cross-examination techniques

Cross-Examination Tips and Tactics — Lessons Learned From Civil Jury Trials

cross-examination techniquesDo you know the best way to control a confrontational witness on cross-examination? Do you know how to handle an argumentative witness or a sarcastic witness? How can you effectively use repetition during cross-examination? How do you avoid asking “one question too many”? Pattern Cross-Examinations answers all these questions and more. Consider these tips, excerpted from the book:

Make the witness repeat his deposition testimony verbatim. When impeaching a witness with prior deposition testimony, ask him to read the transcript. Say, “Please read the answer that you gave, under oath, to that question during your deposition.” This question serves two purposes: (1) It reminds the jury that the witness was under oath at the time of his deposition; and (2) it forces the witness to repeat, verbatim, the answer he gave previously. Sometimes the witness’s reaction to reading his prior answer, by itself, is effective impeachment evidence.

Review every item on the expert’s bill. Rather than just asking about the total amount the expert billed on the case, it is more effective to go through each and every activity for which the expert has charged a fee. This allows the jury to compare the work actually done with the amount and time charged, and involves the jury in calculating the total. Do the arithmetic on an easel or chalkboard so that the jury can work the numbers with you.

Be careful in cross-examining with a prior conviction, even if it is clearly allowed under the law. If the witness has given the appearance of being honest and forthright in his testimony, and you bring up a conviction on a minor charge from 10 years ago, the jury may hold it against you and your client. Furthermore, your questions open the door for opposing counsel to rehabilitate the witness, to point out that the witness has paid for his mistake, and to show all the ways the witness has been a model citizen, since that long-ago conviction. If, on the other hand, the witness was convicted of a crime of moral turpitude or has more than one conviction, then this line of cross-examination may be effective.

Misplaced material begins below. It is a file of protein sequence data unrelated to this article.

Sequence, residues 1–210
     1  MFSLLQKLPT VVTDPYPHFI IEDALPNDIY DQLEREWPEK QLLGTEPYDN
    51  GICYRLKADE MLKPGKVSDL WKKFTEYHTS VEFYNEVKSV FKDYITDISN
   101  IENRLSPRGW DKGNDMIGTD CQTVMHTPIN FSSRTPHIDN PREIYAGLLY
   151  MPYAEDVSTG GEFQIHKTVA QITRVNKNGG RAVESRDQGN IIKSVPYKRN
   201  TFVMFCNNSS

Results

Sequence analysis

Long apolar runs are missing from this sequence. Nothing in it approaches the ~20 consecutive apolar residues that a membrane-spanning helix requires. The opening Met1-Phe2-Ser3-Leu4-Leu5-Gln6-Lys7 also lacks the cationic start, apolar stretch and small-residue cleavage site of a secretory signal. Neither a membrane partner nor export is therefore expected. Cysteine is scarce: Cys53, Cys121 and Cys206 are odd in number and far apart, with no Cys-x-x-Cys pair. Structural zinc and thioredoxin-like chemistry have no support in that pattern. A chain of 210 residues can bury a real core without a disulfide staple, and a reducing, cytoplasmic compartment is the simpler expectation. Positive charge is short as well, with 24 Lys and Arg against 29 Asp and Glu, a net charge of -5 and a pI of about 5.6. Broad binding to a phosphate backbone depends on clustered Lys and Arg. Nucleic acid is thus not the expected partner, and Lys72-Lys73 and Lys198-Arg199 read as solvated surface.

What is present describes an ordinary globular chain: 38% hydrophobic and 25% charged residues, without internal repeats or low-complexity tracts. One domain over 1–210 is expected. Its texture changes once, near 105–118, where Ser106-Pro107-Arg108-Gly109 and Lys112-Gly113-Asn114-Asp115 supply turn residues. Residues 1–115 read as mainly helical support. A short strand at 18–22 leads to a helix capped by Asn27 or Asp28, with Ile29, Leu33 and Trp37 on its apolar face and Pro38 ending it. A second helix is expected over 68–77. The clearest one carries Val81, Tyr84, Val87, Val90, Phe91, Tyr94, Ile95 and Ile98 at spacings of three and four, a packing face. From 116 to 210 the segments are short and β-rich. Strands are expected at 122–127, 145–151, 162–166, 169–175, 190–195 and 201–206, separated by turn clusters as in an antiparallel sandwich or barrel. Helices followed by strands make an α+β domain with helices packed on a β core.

Get the lay witness to concede the accuracy of his medical records. Ask the witness: “You don’t have any reason to think Dr. Smith would have put that in his records if you didn’t say it, do you?” If the witness answers “no,” as almost always happens, the credibility of the record is bolstered. In the unlikely circumstance that the witness claims the healthcare provider intentionally falsified the record, you have created a credibility issue between the party and his medical provider. More likely than not, the jury will believe what was put in the record at the time of treatment.

Start with bias when cross-examining the claims adjuster. Let the jurors know that the adjuster is an employee of the insurance company, who supports himself (and, possibly, a family) with a salary paid by the insurance company; he wants to be seen as a good employee who has the best interests of the insurance company at heart. Many jurors may not understand this. They may mistakenly believe that the adjuster is neutral or that his job is to advocate for the claimant. Jurors need to understand the adjuster’s bias and prejudice at the outset, so they will have the proper perspective in listening to his testimony.

Keep in mind the collateral consequences of your questions. Some facts cut both ways.  Consider this exchange, in the cross-examination of the defendant in a breach of contract case:

Q:  Did you tell the plaintiffs that you had been out on your own, as an independent contractor, for just 18 months?
A:  I don’t think it came up.

The defendant’s limited experience as an independent contractor is a double-edged sword. The plaintiffs certainly were entitled to know his history in the business, but some jurors may believe that they had a duty to inquire. If you ask this question on cross-examination, your clients will need to have an explanation for their failure to inquire.


About the Author

Walter R. Simpson has been litigating personal injury cases, on behalf of both plaintiffs and defendants, for more than 40 years. He has tried more than 200 cases to juries, and has been a frequent speaker at CLE Seminars. Mr. Simpson has served as President of the Kansas City Metropolitan Bar Association and President of the Kansas City Metropolitan Bar Foundation. He is currently a member of the Board of Governors of the Missouri Bar Association.